Scholar of Chinese literature and art to speak on European, US, Chinese modernization at Columbia Teachers College Thursday, Oct. 21
Both events, co sponsored with China Institute, signal increasing activity by Pace University’s recently-established Confucius Institute
NEW YORK, NY, October 12, 2010 — If Oprah Winfrey gave self-help lectures adapted from the U.S. Constitution and made them a book, could she sell 11 million copies around the world in four years?
That’s just what the Chinese TV personality and professor Yu Dan recently did with the wisdom of Confucius, whose ideas underpinned Chinese government and culture for thousands of years but were rejected by the country’s modern revolution.
On Wednesday, October 20, Yu, the woman whose “Confucius from the Heart: Ancient Wisdom for Today’s World” has become a worldwide phenomenon, will speak on Confucius in downtown Manhattan at 6:30 PM, at the student union of Pace University’s campus just east of City Hall (corner of Spruce St. and Park Row). Her talk is free and open to the public.
A day later, a second celebrated Chinese scholar, the expert on Chinese literature and art Liu Mengxi, will speak at Columbia Teachers College, exploring the distinct patterns of modernization in Europe, the US, and China. His talk, also free and open to the public, is at the Zankel Building, Room 125, 525 West 120th Street, on Thursday, October 21 at 6:30 pm.
The two events are co-sponsored by Pace’s Confucius Institute, which this fall has begun teaching Chinese language and culture to Pace students, Wall Streeters, and others, and by the city’s China Institute.
Advance reservations for both can be made at firstname.lastname@example.org or 212-346-1880. Media are welcome at both; admission by press pass.
Inspiration and self-help
In 2006, Yu, a mediagenic professor of communications who is vice dean of Beijing Normal University, got time on nationwide TV in China during a national holiday period for a series of lectures about Confucius, based on his famous “Analects.”
In an inspirational self-help mode, Yu adapted Confucius for stressed-out moderns, weaving his 2,500-year-old sayings together with her own experiences.
The lectures made her a household name and soon became a book that turned into one of China’s all-time best sellers. It beat out the country’s other top seller, the Harry Potter series, according to a Los Angeles Times report. Sales hit five million legally and according to the New York Times reached six million more in pirated editions.”Confucius from the Heart” now has been translated into more than 25 languages. (It was published in the US in 2009 by Atria Books, a division of Simon and Schuster.)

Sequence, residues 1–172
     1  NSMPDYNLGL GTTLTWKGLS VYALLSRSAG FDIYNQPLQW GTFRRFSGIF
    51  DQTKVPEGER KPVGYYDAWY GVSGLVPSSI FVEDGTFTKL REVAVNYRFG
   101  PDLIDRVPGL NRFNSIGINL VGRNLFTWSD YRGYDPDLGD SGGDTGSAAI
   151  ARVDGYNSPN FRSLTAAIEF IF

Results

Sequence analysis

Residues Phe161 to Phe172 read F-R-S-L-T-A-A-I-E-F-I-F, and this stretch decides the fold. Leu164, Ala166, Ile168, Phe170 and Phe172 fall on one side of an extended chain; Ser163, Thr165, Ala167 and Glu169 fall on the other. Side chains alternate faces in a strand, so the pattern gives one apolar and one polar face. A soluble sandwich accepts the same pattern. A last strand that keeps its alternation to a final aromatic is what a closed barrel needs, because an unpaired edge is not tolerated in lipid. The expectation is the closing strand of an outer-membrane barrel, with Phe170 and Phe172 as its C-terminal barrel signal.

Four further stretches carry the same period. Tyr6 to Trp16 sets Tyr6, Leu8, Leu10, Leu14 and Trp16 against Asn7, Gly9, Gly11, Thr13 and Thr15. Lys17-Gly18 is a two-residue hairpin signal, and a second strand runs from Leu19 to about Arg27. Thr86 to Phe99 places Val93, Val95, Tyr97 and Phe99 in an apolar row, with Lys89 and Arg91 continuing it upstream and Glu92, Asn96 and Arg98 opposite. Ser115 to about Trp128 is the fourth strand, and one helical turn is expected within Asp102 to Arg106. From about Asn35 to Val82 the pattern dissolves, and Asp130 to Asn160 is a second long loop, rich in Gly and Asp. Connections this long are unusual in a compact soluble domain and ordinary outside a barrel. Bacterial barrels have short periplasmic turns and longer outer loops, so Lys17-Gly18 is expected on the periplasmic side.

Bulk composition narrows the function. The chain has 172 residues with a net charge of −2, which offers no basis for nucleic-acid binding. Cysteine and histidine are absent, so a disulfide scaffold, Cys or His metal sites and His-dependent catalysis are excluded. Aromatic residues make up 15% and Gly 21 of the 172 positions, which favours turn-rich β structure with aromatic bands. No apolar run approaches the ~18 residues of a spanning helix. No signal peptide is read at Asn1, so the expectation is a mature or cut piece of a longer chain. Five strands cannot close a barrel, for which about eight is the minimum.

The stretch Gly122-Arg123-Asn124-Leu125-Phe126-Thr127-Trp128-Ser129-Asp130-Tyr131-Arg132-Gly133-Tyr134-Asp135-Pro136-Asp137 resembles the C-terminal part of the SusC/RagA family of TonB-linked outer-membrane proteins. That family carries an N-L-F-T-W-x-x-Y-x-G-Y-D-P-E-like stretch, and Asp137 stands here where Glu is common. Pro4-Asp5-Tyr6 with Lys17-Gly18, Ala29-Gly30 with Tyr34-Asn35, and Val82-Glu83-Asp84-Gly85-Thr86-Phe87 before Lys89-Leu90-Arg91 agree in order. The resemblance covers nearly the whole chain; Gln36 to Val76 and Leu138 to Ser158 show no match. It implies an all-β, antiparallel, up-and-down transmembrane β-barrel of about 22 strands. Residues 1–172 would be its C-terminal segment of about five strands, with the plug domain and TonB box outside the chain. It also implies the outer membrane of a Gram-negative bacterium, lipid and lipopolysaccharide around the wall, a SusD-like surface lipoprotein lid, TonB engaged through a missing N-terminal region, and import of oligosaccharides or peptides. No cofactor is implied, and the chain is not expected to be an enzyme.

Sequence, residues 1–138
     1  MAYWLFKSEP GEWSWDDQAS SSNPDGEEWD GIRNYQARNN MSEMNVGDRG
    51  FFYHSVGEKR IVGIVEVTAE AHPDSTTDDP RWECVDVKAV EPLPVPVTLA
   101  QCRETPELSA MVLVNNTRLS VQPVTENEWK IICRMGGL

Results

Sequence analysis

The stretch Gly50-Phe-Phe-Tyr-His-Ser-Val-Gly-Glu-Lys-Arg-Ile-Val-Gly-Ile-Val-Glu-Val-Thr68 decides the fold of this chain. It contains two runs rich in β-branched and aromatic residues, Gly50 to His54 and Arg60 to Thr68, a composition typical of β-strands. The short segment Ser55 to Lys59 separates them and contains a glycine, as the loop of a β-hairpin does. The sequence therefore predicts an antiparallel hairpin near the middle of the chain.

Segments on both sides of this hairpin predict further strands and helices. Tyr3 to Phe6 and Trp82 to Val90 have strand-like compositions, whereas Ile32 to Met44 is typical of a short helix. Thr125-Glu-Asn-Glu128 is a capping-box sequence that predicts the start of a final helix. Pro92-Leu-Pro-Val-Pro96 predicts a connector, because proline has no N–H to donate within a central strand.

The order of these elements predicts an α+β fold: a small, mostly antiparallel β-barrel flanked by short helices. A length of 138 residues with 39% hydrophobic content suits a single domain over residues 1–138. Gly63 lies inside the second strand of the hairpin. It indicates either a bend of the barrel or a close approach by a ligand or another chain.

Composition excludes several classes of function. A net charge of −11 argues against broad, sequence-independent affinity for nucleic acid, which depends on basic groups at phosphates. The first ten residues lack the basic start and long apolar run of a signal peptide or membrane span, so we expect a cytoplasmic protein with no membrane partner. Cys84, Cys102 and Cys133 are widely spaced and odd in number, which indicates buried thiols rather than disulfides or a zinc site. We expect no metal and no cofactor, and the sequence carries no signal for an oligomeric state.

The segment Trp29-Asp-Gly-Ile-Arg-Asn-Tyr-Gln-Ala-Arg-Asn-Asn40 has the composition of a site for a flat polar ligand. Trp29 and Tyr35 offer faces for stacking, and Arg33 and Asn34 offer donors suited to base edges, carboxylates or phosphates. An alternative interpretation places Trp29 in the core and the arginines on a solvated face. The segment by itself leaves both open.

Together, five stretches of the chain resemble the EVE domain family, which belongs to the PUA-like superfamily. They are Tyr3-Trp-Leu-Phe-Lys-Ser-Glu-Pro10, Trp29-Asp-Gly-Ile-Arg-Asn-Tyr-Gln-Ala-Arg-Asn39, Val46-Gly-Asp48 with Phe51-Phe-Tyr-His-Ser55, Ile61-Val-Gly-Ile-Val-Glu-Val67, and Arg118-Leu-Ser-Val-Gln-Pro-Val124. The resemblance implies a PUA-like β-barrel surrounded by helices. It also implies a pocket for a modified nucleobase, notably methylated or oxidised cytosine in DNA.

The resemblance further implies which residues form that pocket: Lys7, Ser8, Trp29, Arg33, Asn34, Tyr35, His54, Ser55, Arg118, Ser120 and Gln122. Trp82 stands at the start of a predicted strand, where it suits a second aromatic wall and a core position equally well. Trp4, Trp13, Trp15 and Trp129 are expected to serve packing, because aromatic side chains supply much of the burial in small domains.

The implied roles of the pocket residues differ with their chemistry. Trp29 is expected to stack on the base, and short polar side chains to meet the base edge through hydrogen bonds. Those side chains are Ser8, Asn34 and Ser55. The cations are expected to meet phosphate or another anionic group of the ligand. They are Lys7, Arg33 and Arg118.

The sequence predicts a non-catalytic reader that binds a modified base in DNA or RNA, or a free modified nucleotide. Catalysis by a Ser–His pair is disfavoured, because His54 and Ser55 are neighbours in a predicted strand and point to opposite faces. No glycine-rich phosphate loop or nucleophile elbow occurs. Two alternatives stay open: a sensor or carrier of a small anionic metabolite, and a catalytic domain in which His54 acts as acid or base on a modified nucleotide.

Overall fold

Yu and Liu will be in New York after participating in the Second U.S. – China Cultural Forum at the University of California-Berkeley October 15 and 16. The forum is co-sponsored by the National Endowment for the Humanities, the President’s Committee on the Arts and Humanities, and Berkeley’s Center for Chinese Studies.
A third way to modernize?
Liu directs the Institute of Chinese Culture of the Chinese National Academy of Arts, where he also is a research fellow. He has compiled 35 volumes of classic works in Chinese culture and is founder and chief editor of the magazine Chinese Culture.
His October 21 talk will outline national modernization patterns, first of Europe and then of the U.S., and explore whether China is pursuing a third way. His lecture is titled “Agree to Disagree: On Chinese and American Cultural Modes.”
Liu’s presentation will be preceded by seven musicians from Nanjing Normal University performing such classic Chinese music as “Moon’s Reflection on the Second Spring,” “Purple Bamboo Tune,” and “The Scent of Jasmine Flower.”
50 Chinese phrases for business travel
The Pace Confucius Institute this fall inaugurated Chinese language classes for students and professional groups, starting with an early-morning (7:30 AM), month-long set of hour-long classes on 50 of the most useful phrases for business travel in China, and a one-month series of one-hour lunchtime classes in basic conversation.
The Institute also is offering custom courses conducted off campus at businesses and institutions, which one witty consumer of New York City’s ubiquitous Chinese “take out” food has called “Chinese take-in.”
Founded in 2009, the Pace Institute is the only Confucius institute in the New York metropolitan area associated with a University. Its seal is below, a traditional-style stamp saying “Confucius Institute Pace University” in “small-seal” script. It was created for the Institute by Beijing calligrapher Quiming Sun.
About Pace University
For 103 years, Pace University has produced thinking professionals by providing high quality education for the professions on a firm base of liberal learning amid the advantages of the New York metropolitan area. A private university, Pace has campuses in New York City and Westchester County, New York, enrolling nearly 13,000 students in bachelor’s, master’s, and doctoral programs in its Lubin School of Business, Dyson College of Arts and Sciences, Lienhard School of Nursing, School of Education, School of Law, and Seidenberg School of Computer Science and Information Systems. www.pace.edu
Christopher Cory, media relations, Pace University, 212-346-1117, cell 917-608-8164, email@example.com
Weihua Niu, PhD, Director, Pace University Confucius Institute, 212-346-1815, firstname.lastname@example.org